Archive for category Finance

Can Tengku Zafrul’s 2021 Budget survive in ten days’ time?

(Tatal ke bawah untuk kenyataan versi BM)

Can the Finance Minister, Tengku Zafrul Tengku Abdul Aziz’s 2021 budget survive in ten days’ time?

Parliament is now at the level of policy debate on the second reading of the 2020 budget, which is to conclude with the backbenchers’ speeches on Thursday followed by replies by the Ministers, with the Finance Minister expected on November 25 to be the last speaker winding up the Budget 2021 debate.

There will then be a vote on the second reading of the 2021 Budget. Read the rest of this entry »

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R. Chander, first Malaysian Chief Statistician (1963-1977) praises Guan Eng for early statement on national debt and stresses urgency of coherent plan to manage Malaysia’s public sector debt

I have received an expert opinion on Malaysia’s public sector debt by Dr. R. Chander, the first Malaysian to hold the office of Chief Statistician of Malaysia (1963-1977) and who went on to serve as the Senior Adviser to the World Banks’ Chief Economist/Vice President from 1977 to 1996. Upon retirement from the Bank, he had served as interntional adviser to multiple international agencies and governments.

Dr. Chander said he was encouraged by the speed with which the Pakatan Harapan government had come to grips with the most pressing issues and praised the Finance Minister, Lim Guan Eng for making an early statement on Malaysia’s debt situation.
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Managing Malaysia’s Public-Sector Debt

By R. Chander


This note, in three parts, focuses on the public sector debt in Malaysia. Part I presents a brief overview of the manner in which the Najib administration approached the issue of public sector debt. Part II presents a summary view of the assessment made by the International Monetary Fund (IMF) in the course of the annual Article IV Consultations completed earlier this year. The IMF Report was critical of the manner in which debt reporting was conducted by the previous administration. Part III looks to the future and makes a number of observations concerning the most appropriate manner in which the new Pakatan Harapan government could better manage Malaysia’s public sector debt.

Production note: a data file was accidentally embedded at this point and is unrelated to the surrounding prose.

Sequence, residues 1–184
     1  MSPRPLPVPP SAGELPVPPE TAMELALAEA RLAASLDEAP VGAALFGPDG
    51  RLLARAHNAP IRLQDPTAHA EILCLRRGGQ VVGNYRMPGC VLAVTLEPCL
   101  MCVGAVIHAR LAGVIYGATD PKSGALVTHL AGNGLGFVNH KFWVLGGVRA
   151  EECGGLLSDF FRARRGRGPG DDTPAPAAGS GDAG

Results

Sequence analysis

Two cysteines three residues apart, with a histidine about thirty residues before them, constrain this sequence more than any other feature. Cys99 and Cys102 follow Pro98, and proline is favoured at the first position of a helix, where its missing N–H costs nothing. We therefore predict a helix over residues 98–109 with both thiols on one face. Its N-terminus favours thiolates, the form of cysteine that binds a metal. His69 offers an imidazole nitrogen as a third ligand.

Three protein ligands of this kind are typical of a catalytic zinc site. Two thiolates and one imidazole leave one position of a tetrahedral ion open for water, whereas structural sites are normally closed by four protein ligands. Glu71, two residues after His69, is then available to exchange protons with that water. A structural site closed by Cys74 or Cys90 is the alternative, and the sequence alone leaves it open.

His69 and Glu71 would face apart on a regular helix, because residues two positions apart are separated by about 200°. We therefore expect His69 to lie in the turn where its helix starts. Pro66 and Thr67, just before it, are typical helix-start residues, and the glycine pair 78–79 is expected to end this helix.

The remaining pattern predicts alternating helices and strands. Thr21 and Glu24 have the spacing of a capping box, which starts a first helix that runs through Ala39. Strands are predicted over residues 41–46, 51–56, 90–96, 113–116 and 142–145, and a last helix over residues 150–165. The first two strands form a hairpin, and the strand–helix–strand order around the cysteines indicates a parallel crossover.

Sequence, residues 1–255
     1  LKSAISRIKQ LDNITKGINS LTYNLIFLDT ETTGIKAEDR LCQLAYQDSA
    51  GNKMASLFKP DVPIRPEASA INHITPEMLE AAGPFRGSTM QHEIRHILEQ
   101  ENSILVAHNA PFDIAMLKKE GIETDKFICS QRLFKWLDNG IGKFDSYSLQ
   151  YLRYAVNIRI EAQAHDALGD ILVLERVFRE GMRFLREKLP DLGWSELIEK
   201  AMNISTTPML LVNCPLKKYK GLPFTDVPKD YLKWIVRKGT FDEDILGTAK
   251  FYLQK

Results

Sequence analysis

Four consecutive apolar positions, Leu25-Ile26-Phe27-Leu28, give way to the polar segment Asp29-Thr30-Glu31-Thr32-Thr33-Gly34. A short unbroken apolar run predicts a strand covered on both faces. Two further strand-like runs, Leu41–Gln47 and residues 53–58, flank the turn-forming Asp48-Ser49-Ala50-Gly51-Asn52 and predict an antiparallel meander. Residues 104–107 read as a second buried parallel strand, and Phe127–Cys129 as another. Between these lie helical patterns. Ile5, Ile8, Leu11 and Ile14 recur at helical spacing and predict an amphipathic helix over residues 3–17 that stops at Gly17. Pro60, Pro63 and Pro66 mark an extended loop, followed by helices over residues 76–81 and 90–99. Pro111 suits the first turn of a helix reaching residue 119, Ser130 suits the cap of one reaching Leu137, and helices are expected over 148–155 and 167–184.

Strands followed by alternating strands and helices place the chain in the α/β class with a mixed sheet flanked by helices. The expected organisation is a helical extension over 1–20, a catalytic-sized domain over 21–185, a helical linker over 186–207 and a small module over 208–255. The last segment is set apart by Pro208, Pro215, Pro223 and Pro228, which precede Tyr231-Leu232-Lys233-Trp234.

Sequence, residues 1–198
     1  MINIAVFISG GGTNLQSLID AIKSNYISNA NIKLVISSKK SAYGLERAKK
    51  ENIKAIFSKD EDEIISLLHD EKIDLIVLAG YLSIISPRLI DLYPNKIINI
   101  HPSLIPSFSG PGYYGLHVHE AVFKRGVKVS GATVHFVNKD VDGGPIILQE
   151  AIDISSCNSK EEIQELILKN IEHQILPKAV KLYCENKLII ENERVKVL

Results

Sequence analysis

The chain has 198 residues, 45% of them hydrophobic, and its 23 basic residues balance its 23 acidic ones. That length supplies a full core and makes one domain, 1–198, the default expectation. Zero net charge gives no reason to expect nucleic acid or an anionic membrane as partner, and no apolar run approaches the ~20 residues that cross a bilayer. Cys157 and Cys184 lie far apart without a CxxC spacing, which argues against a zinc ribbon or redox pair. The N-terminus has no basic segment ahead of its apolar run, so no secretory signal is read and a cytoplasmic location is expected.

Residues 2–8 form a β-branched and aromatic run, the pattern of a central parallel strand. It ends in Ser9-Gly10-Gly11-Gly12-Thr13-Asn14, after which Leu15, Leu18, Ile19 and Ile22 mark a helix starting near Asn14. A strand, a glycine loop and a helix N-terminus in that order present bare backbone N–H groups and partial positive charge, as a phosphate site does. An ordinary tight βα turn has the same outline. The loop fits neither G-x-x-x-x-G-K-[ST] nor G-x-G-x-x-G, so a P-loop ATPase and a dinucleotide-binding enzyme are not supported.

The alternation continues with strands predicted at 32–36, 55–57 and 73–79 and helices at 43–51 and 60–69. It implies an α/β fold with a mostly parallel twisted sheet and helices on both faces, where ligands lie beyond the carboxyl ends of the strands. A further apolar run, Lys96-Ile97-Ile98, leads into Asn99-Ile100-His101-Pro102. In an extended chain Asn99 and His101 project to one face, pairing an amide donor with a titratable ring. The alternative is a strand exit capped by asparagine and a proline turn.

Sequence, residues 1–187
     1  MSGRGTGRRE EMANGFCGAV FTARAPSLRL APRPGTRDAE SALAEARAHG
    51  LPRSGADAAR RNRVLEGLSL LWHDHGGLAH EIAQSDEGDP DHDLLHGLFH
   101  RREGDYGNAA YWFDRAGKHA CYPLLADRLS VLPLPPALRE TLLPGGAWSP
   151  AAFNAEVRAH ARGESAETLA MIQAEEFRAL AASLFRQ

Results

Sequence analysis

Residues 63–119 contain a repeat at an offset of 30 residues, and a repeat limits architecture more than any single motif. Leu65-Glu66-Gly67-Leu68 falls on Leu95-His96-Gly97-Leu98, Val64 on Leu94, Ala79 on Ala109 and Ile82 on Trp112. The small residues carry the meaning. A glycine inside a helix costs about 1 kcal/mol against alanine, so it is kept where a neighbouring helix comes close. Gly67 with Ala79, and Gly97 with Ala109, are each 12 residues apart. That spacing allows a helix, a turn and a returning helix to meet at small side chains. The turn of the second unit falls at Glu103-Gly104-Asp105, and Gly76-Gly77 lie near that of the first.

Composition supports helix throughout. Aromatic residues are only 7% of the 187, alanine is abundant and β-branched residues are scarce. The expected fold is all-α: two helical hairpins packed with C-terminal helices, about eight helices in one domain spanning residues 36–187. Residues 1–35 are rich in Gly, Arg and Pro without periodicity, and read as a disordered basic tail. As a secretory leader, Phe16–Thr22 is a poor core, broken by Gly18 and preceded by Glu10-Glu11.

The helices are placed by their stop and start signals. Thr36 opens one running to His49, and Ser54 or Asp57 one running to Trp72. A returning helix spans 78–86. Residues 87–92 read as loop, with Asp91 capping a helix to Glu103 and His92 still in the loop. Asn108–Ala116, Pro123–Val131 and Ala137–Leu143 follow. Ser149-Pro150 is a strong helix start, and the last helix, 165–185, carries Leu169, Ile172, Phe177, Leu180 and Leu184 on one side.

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Reports of the World Bank and IMF

In past week the World Bank and the IMF have issued reports and statements concerning the Malaysian economy. The IMF released a brief statement entitled IMF Staff Completes 2018 Article IV Visit to Malaysia while the World Bank published its report in the Malaysia Economic Monitor.

The IMF note highlighted in highly nuanced language, in summary form, the outcome of the Annual Article IV Consultations with the Government.

The highlights made reference to recent economic performance and revised forecasts for the current year and expected growth in 2018. The revisions in the estimated and projected GDP growth rates for Malaysia are thus in step with revisions that the IMF has made for almost all countries since it issued its earlier estimates and forecasts.

Beyond the reference to growth prospects the statement took up a number of other policy concerns. It made veiled statements about the need for “higher revenues”—alerting all and sundry that taxes will have to be raised; it reminded the need to implement the adjustment programs outlined in the 11th Five Year Plan; etc. meaning that reform policies are not being implemented. The statement is thus a rap on the Government’s knuckles .

It is not inappropriate to read between the lines from the following:

“In the medium term, fiscal policy should follow a gradual consolidation path, and the composition of adjustment could be improved to make it more revenue based and to make room for the structural reforms and increased social spending for inclusive growth. Medium term fiscal targets should be better communicated.“

The statement contains cautionary remarks that urge the Government to pay heed to the downside risks it faces for which it is ill prepared. Read the rest of this entry »


Malaysia’s currency curbs boomerang on bond markets

Reuters/Malay Mail Online
February 27, 2017

SINGAPORE, Feb 27 — When Malaysia forced foreign investors in its markets not to dabble in offshore derivatives in its currency last year, its target was speculative pressure on the ringgit, but it appears to have shot itself in the foot.

The ringgit was the weakest currency in emerging Asia last year after China’s yuan, prompting Malaysia’s central bank to get a written commitment from foreign banks to stop trading ringgit non-deliverable forwards (NDFs), offshore contracts they use to hedge their exposure to the currency.

The upshot has been a flood of money leaving Malaysian bonds as foreigners, who own US$47 billion of them, were unable to hedge their risks in onshore markets because of a lack of liquidity.

“It’s a market that’s kind of been destroyed,” said Gene Frieda, the London-based global strategist at bond giant fund Pimco, who blamed the inability to hedge for making it difficult to make significant bond trades.

Although Frieda said the currency now looked cheap compared with regional peers, he couldn’t see it rallying under the circumstances.

“We don’t find the bond market particularly interesting at these levels,” he said. Read the rest of this entry »